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Music News

Review: The Sonics by Nic Howden

I just want to stay in the Garage all night…
Formed in 1960 the Sonics pre-date the Stones, but while the Londoners headed upstairs as fast as their feet/their finances/the blues would carry them, the stuttering Tacoma, Washington five piece kept to the garage. 
 
Overlooked by Lenny Kaye compiling the Nuggets album, ‘Original Artyfacts From The First Psychedelic Era’, the sound, and attitude, of the first two Sonics’ LPs, think prime, bawling Little Richard meets the Kinks’ You Really Got Me, dug the foundations for garage rock.
 
Those short, fast songs about witches, pychos, poison, love and lust, the clipped, crunchy guitar riffs, the pile driving rhythm section and the tenor sax left a fast mark on Springsteen, Nirvana, White Stripes and LCD Soundsystem, while the Cramps, L7, Mudhoney, the Flaming Lips and the Fall are just a handful of the bands to cover the Sonics’ seminal Strychnine. ‘Some folks like water, Some folks like wine, But I like the taste, Of straight strychnine (hey, hey)’.
 
This isn’t a history lesson though. Those are simply some of the reasons they pull a capacity crowd at the Garage, where else, across the road from Highbury & Islington tube, and a shit hot support band. Jim Jones & The Righteous Mind wear their Sonics’ influence as openly as the big, chunky jewellery hanging around their necks.
 
Produced by Dirtbombs’ bassist Jim Diamond, comeback album This Is The Sonics, released 49 years after its predecessor, features three of the original band but only sax player/harp player/occasional singer Rob Lind is still doing the rounds. Clean, suited and thick set, with a smile set to ‘on’, Lind looks like a senior news anchor. He does the talking, harking back to the old days, acknowledging the passion of the capital crowd and introducing the songs if drummer, Dusty Watson, gives him long enough.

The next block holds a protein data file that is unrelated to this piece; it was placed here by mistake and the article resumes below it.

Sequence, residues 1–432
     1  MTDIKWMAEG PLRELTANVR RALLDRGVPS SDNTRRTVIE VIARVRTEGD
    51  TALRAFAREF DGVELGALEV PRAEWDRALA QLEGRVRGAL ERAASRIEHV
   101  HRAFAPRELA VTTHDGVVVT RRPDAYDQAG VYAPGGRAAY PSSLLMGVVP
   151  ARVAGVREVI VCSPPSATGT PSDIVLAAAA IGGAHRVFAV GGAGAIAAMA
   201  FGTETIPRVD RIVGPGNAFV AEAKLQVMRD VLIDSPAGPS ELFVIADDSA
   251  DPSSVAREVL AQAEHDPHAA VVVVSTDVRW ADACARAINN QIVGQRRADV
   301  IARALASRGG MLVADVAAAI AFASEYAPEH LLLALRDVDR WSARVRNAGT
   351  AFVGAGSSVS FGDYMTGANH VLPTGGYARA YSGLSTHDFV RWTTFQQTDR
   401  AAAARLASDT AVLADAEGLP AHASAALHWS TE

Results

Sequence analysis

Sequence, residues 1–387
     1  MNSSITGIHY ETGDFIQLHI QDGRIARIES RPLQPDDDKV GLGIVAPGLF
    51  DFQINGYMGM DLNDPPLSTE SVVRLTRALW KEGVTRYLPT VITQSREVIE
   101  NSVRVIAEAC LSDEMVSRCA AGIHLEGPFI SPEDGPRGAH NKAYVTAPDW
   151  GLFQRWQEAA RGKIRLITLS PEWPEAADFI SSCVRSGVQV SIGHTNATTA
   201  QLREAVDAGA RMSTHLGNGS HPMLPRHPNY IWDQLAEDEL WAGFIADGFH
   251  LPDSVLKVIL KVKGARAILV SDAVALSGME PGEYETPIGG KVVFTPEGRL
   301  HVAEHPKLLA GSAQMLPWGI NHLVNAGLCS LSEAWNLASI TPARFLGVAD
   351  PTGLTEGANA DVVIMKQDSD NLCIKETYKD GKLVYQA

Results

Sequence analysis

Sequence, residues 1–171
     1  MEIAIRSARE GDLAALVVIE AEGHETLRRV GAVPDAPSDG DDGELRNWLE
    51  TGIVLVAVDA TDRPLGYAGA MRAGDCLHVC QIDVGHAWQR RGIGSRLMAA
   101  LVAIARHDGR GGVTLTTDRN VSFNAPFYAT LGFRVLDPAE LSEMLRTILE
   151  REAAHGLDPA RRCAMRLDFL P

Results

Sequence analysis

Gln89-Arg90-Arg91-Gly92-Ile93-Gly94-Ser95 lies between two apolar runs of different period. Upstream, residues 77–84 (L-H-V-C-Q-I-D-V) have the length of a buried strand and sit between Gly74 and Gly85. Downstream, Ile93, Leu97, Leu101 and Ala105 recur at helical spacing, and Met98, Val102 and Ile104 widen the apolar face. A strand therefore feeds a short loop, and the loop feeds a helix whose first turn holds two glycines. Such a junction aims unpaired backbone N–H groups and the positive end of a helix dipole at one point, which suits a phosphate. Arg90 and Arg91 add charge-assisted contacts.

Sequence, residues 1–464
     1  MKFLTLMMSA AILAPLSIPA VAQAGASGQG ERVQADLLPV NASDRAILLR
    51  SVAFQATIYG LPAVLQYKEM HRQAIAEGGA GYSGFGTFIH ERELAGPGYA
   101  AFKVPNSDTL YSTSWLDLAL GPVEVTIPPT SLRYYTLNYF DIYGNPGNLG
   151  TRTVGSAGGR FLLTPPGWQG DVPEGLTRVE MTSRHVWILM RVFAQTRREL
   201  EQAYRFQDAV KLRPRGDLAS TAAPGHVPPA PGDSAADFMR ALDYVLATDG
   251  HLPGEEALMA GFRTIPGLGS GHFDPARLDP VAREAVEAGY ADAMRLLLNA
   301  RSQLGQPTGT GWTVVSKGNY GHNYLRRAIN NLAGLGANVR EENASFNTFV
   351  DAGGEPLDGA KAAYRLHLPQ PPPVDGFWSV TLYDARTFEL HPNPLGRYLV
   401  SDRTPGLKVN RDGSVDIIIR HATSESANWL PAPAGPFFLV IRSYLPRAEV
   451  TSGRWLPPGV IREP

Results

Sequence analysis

There are plenty of covers in a Sonics’ set, C’mon Everybody, Lucille, Louie Louie, Sugaree and a determined take on Ray Charles’ I Don’t Need No Doctor, which smacks of the Feelgoods, among them at the Garage. Everything is ‘Sonicised’ though, as Lind puts it, injected with a new adrenaline. 
 
Bass, sax and keys all sing but Evan Martin of the Boss Martians, who handles guitar/vocals, is perfect cover for erstwhile axeman Gerry Roslie and former keys/singer Larry Parypa.
 
The Sonics play fucking loud too, from fizzing start to fizzing three-song finish. Teenagers/20-somethings at the front throw themselves around and the quiffs, leathers and bigger builds packed in behind would too, if they could. 
 
The Garage is the perfect venue for a gig like this; the sightlines, the sound and the atmosphere is fantastic, from front to back, and the cheers/whoops don’t stop as the band take their bows. London loves the Sonics.
 
“We’re in Manchester tomorrow otherwise we’d play for another two hours,” Lind beams afterwards. “I’d like to check out some of your pubs too.” And we all drink to that.

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